Spinal Cord Stimulation

What is Spinal Cord Stimulation?

Spinal Cord Stimulation (SCS) is a minimally invasive procedure that involves implanting a device that applies low currents of electrical stimulation to the spinal cord and/or its exiting nerves.

Spinal cord stimulation is referred to by some pain experts as a “pacemaker for pain”. It works by sending small electrical impulses created by a compact generator through thin leads, or electrical cables, to the spinal cord, where they block pain signals traveling to the brain. Pain is replaced with a mild tingling or a massaging sensation, called paresthesias. A wireless remote control is used to adjust the location and degree of stimulation by selecting pre-programmed settings.

The core technology that is used in today’s SCS systems was developed in the mid-1960s. Melzack and Wall developed the original theory for the mechanism of spinal cord stimulation in 1965 (1). This “gate-control theory” for pain proposes that simultaneously triggered touch and vibratory sensation inhibits pain stimuli sensation due to their shared location in the spinal cord, the dorsal horn nucleus. In essence this theory is the foundation for spinal cord stimulation. An everyday example of this theory is seen when one has a headache. Many people will rub their temples or another area of their head, stimulating the muscles of the head or sensory fibers of the skin. When these areas are stimulated, to some degree they block the sharp pain perceived from an active headache. This is also commonly seen when you accidently bump your knee, elbow, or finger and you rub the associated area inhibiting the acute painful stimuli to the brain.

The first spinal cord stimulators were implanted directly on the dorsal column of the spinal cord of terminal cancer patients by Shealy et al. (2) in 1967. Shortly after, Shimogi et al. were the first to publish the successful implementation of epidural spinal cord stimulation (3), which is a percutaneous, less invasive technique. This avoids the complications of the original open surgery, which includes cerebrospinal fluid leakage, localized fibrosis, and arachnoiditis. Another initial challenge was a limited area covered by the single, or monopolar electrode. SCS leads today have evolved from monopolar (1 active electrode) to bipolar (2 active eletrodes), quadripolar (4 active electrodes), and octapolar (8 active elctrodes) leads.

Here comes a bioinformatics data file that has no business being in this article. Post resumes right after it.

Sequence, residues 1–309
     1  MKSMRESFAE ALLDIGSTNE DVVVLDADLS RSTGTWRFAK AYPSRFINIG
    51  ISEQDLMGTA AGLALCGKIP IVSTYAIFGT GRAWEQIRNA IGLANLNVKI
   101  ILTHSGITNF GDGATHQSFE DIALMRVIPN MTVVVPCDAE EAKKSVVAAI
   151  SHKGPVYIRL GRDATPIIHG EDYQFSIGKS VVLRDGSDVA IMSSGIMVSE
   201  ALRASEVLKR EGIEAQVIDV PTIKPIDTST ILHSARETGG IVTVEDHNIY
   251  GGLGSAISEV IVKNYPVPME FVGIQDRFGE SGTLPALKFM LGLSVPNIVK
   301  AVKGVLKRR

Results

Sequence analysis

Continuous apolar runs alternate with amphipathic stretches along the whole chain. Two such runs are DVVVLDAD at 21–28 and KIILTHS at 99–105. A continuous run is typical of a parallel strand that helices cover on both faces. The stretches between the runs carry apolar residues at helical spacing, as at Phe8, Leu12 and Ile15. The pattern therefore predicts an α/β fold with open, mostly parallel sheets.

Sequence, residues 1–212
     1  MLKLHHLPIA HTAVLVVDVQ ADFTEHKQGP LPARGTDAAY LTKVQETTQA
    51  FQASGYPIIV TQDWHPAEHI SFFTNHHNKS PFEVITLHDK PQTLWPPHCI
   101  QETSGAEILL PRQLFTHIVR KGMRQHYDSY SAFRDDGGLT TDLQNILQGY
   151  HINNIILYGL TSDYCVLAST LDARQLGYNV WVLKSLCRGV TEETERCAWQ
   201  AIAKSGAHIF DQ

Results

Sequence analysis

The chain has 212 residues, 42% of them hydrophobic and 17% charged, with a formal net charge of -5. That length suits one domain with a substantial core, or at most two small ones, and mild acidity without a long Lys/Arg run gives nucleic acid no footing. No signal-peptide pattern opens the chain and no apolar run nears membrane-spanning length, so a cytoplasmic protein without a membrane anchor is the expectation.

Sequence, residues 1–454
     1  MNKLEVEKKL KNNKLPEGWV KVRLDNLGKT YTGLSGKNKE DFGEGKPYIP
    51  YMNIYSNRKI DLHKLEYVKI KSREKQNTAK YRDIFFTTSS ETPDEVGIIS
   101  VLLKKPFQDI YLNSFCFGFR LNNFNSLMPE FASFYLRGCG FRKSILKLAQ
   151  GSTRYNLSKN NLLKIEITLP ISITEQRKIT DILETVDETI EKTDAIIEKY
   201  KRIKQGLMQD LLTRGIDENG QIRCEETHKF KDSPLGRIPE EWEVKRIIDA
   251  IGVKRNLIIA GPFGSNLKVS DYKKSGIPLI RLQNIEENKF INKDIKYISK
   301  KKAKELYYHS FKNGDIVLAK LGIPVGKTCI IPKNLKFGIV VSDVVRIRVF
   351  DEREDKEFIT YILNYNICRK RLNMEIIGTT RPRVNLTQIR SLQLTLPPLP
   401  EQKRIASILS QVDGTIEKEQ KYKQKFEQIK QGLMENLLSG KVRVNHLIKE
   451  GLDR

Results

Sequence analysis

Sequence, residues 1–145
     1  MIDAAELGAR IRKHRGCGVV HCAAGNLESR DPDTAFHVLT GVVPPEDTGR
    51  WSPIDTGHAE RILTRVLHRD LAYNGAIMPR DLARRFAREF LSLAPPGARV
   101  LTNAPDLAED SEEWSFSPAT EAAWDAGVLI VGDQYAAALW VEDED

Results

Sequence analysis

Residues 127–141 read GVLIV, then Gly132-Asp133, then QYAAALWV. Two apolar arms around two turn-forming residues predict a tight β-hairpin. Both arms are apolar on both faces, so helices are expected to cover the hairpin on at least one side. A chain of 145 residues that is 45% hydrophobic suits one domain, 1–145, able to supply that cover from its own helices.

Since then, SCS has been used in the treatment of cervical and lumbar post-laminectomy syndrome (failed back or neck surgery syndrome), cervical and lumbar radiculitis (neck and back radiating pain), complex regional pain syndromes (CRPS or RSD), intractable pain due to peripheral vascular disease, phantom limb pain, intractable pain due to angina, peripheral neuropathy, post-thoracotomy syndrome, neuropathic extremity pain, chronic visceral pain syndromes, and other pain conditions.


The spinal cord is a bundle of nervous tissue and supporting material that extends from the brain to innervate the rest of the body. The brain and the spinal cord together form the central nervous system (CNS), which sends and receives messages from the body through the peripheral nervous system (PNS).

The spinal cord is contained in the spinal canal formed by the vertebral column. The meninges are a covering consisting of three layers that continues from the cranium to the sacrum and protects the spinal cord and its nerves. The innermost layer, or pia mater, wraps around the brain and spinal cord. The middle layer, or arachnoid mater, is a spider web-like layer. The outermost layer is called the tough dura mater. Between the arachnoid mater and the pia mater is ones cerebral spinal fluid (CSF) which protects and buffers the brain and spinal cord. Outside of the three-layered meninges is the epidural space. The epidural space is a potential space that lies outside of the dura and typically houses protective fatty tissue and blood vessels. The epidural space is where medications are placed for epidural blocks and where the leads are placed for spinal cord stimulation.